« Dietary patterns and cognitive decline »

Carotenoids-rich dietary patterns and cognitive function

Most of the available epidemiological literature on carotenoid-based prevention of brain ageing has been focused on ß-carotene. Other carotenoids seem also to have interesting properties.

This study evaluated the association between a carotenoid-rich dietary pattern and subsequent cognitive function in 2,983 adults initially aged 45-60 years participating in the SU.VI.MAX (Supplémentation en Vitamines et Minéraux Antioxydants) study.

Dietary data and measurements of carotenoids (lutein, zeaxanthin, ß-cryptoxanthin, lycopene, α-carotene, trans-ß-carotene and cis-ßcarotene) were assessed in 1994-1996 (baseline concentrations).

Cognitive performance was assessed in 2007-2009 using six neuropsychological tests to define a composite cognitive score. Using the reduced rank regression (RRR) in 381 participants, a dietary pattern explaining most of variability in plasma carotenoid concentrations was extracted and extrapolated across the whole sample.

Associations between carotenoid-rich dietary patterns and cognitive function measured 13 years later were estimated, with ANCOVA  providing mean difference values and 95% CI across the tertiles of carotenoid-rich dietary patterns.

Association between cognitive function and carotenes, ß-cryptoxanthin and lutein

The data showed that the first extracted dietary pattern was most strongly correlated with the plasma status of ß-carotene, α-carotene, ß-cryptoxanthin and lutein reflecting a diet rich in carotenoids. The study exhibited a strong association between lutein and carotenoidrich dietary patterns, whereas zeaxanthin showed a weaker association.

What we know?
• Concerning ß-carotene: previous studies showed a better cognitive status1-3, lower cognitive decline4,5 or risk of dementia6 among subjects with high ß-carotene intake or biomarker status.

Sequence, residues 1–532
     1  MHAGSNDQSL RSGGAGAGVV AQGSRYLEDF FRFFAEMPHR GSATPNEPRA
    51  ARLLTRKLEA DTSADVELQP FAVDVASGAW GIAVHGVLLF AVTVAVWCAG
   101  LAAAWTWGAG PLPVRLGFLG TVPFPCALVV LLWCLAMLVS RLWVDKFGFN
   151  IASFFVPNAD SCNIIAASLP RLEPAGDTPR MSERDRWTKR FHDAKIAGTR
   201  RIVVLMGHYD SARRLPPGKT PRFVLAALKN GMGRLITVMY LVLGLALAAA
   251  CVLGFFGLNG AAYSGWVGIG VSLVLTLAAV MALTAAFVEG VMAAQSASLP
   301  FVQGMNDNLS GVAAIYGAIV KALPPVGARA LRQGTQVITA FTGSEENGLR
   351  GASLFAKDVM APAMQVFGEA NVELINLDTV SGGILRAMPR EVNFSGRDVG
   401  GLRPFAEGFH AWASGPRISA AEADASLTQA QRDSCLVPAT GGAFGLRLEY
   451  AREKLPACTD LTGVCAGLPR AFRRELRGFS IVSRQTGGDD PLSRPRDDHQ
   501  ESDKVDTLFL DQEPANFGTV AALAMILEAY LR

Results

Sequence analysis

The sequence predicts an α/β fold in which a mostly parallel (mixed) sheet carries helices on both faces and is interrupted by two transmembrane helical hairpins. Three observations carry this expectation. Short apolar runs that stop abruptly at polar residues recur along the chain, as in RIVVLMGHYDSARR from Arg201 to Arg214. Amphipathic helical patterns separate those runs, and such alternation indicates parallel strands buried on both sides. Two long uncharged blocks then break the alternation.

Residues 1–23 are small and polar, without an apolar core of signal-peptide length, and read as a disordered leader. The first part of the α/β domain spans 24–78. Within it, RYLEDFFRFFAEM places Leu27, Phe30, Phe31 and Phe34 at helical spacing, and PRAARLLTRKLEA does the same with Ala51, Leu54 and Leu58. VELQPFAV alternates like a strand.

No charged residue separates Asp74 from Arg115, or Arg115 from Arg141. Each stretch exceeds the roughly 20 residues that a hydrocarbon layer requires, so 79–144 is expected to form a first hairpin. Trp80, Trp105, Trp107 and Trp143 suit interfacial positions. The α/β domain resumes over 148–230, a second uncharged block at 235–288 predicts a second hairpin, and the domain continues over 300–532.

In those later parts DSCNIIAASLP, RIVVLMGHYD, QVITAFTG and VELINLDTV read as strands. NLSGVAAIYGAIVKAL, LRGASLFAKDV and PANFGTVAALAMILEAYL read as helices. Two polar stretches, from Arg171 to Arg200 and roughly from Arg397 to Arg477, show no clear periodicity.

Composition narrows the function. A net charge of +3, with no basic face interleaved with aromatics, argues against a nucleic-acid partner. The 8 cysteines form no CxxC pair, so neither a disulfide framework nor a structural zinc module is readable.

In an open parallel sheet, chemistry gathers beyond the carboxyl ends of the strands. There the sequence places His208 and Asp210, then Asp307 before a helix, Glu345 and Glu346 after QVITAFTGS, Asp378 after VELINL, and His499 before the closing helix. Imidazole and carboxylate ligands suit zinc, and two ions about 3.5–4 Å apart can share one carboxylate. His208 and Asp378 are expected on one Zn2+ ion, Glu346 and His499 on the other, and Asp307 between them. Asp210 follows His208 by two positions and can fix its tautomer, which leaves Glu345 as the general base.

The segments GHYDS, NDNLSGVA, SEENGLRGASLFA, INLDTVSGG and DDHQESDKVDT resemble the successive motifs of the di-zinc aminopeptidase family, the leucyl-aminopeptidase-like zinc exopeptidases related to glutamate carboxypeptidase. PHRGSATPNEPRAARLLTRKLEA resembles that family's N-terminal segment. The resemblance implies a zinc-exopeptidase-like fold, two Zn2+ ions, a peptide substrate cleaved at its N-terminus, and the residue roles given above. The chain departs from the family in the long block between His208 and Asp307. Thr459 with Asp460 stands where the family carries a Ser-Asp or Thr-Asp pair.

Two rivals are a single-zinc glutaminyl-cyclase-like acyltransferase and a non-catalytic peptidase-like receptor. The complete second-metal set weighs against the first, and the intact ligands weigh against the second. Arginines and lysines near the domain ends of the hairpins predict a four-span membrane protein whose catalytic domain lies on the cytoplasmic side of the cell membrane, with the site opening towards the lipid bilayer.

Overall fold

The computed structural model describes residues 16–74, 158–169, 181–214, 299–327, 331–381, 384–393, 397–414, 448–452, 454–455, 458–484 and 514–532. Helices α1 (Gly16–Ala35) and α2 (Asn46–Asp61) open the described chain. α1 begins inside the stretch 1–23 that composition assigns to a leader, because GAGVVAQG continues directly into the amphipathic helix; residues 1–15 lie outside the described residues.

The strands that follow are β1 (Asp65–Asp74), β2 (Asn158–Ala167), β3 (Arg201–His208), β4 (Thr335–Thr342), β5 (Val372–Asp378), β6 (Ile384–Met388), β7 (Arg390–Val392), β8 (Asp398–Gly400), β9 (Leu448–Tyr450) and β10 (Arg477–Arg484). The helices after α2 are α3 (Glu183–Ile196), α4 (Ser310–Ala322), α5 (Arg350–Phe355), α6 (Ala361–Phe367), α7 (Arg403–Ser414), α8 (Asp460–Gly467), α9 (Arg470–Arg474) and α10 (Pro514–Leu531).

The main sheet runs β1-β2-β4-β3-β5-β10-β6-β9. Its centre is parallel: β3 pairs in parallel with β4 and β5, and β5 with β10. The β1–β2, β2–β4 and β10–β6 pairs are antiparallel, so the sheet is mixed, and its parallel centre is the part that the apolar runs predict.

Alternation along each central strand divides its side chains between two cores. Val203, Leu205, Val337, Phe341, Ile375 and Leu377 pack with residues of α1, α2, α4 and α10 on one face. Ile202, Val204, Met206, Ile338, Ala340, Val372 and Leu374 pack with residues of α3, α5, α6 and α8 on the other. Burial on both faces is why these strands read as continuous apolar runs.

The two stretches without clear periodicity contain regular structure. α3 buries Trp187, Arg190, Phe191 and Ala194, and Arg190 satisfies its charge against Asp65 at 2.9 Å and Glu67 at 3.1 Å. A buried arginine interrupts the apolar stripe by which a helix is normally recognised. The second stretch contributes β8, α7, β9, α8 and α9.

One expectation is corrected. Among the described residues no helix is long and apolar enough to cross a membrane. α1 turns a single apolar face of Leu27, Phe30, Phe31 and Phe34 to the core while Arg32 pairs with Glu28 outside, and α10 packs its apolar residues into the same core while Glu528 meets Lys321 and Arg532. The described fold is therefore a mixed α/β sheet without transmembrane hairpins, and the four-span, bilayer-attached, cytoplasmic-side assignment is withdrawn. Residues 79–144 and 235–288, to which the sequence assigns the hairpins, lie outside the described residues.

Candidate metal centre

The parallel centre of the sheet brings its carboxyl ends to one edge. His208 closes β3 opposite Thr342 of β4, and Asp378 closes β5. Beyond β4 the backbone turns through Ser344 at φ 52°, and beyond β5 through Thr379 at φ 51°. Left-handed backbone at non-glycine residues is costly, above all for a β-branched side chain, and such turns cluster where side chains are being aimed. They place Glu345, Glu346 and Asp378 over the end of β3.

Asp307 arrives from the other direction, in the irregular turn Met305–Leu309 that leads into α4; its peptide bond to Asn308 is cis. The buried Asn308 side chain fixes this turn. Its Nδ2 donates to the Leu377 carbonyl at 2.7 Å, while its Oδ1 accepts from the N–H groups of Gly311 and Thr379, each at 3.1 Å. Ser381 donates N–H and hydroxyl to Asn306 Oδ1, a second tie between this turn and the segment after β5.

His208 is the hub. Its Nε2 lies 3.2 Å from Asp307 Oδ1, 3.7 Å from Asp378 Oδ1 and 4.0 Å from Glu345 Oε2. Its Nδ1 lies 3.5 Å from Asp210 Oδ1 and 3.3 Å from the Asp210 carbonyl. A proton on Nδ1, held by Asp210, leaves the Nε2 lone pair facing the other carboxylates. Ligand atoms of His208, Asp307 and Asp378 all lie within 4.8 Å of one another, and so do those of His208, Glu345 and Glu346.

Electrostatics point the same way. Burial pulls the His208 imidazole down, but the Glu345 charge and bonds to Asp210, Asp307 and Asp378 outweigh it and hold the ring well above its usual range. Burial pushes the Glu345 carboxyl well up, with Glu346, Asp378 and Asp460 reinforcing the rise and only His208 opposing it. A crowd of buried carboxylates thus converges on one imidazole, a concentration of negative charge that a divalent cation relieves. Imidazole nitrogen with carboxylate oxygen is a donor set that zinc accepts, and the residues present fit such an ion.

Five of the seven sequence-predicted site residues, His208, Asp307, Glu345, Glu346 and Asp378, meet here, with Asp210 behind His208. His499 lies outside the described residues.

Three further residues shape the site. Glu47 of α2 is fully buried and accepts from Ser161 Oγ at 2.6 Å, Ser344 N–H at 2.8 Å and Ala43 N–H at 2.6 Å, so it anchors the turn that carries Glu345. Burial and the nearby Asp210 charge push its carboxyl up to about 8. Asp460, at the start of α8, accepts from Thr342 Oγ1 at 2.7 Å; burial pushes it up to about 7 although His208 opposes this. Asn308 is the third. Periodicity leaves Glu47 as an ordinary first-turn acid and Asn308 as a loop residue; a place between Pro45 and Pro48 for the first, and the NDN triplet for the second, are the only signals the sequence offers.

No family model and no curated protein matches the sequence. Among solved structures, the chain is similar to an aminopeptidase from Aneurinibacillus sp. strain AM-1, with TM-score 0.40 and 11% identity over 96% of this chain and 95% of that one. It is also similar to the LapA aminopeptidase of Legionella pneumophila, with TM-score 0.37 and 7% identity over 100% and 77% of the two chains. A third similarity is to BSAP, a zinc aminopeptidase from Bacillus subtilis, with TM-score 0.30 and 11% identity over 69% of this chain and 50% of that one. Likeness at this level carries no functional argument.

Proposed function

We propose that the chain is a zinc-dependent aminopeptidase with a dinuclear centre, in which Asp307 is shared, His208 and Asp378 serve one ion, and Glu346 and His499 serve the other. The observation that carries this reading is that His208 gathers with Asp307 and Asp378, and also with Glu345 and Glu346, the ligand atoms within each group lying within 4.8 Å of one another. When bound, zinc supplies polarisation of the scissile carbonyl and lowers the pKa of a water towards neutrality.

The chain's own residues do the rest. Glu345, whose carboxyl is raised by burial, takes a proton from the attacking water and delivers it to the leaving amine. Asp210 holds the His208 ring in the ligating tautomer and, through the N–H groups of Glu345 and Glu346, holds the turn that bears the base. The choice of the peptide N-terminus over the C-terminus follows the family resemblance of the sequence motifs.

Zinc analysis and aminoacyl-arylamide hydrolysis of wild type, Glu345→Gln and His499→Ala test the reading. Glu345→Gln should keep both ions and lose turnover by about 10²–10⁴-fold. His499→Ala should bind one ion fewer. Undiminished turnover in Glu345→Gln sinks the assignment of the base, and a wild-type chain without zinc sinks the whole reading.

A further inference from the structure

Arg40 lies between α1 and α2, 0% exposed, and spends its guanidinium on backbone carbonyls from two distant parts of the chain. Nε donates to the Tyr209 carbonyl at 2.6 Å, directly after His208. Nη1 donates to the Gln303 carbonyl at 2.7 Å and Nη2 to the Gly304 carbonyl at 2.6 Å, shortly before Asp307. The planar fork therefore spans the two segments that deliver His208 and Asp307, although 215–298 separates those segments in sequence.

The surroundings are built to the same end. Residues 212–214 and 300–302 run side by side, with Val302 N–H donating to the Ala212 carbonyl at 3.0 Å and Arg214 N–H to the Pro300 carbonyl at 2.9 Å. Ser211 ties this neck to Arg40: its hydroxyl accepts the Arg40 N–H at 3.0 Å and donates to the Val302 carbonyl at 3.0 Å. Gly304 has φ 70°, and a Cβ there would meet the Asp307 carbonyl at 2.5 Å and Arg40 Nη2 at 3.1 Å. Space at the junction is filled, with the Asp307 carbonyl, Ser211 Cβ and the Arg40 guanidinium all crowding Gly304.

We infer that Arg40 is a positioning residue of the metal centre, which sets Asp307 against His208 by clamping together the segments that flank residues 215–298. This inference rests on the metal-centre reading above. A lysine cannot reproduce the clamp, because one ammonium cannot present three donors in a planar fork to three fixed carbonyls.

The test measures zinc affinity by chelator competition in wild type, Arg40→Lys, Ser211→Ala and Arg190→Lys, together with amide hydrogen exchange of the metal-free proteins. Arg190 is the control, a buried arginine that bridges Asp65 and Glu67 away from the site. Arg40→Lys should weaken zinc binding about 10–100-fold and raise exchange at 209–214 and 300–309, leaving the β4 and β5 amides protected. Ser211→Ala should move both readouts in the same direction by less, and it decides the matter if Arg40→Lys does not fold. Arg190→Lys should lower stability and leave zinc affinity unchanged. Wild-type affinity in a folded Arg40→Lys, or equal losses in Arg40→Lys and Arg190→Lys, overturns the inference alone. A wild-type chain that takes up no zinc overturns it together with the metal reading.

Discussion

• Concerning xanthophylls: lutein and zeaxanthin may represent 70% of the carotenoids in the brain and could play a role in the maintenance of cognitive function7.

Positive association between carotenoid-rich dietary patterns and consumption of orange and green coloured fruits and vegetables, vegetable oils and soup

This dietary pattern, estimated with midlife exposure data, was highly correlated with the consumption of green coloured fruits and vegetables, vegetable oils, orange coloured fruits and vegetables and soup and was negatively correlated with that of beer, cider and wine. Furthermore, it was positively associated with the composite cognitive performance score assessed 13 years later, even after accounting for confounders such as sociodemographic factors, lifestyle characteristics and health status.

More specifically, high carotenoid-rich dietary patterns scores were related to better episodic memory, semantic fluency, working memory and executive functioning.

Major interest from a public health point of view

This work highlighted the food groups whose consumption is directly involved to plasma carotenoid status. The RRR procedure gives understandable diet-based public health messages. Such messages are of utmost importance because prevention is a cost-effective strategy and the prevention of dementia should be initiated in middle age when potential cognitive disorders are pre-symptomatic8,9.

In conclusion, the present study adds new support to the positive association between carotenoid-rich dietary patterns in midlife and subsequent cognitive function, especially in terms of executive functioning and episodic memory. These findings showed that a diet with sufficient quantity and variety of coloured fruits and vegetables may help to maintain the health of the brain during ageing.

Based on: Kesse-Guyot E., Andreeva VA., Ducros V., Jeandel C., Julia C., Hercberg S., Galan P. Carotenoid-rich dietary patterns during midlife and subsequent cognitive function. Br J Nutr. 2014 Mar 14;111(5):915-23.

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  9. Mortimer JA, et al. Very early detection of Alzheimer neuropathology and the role of brain reserve in modifying its clinical expression. 2005. J Geriatr Psychiatry Neurol 18, 218–223.
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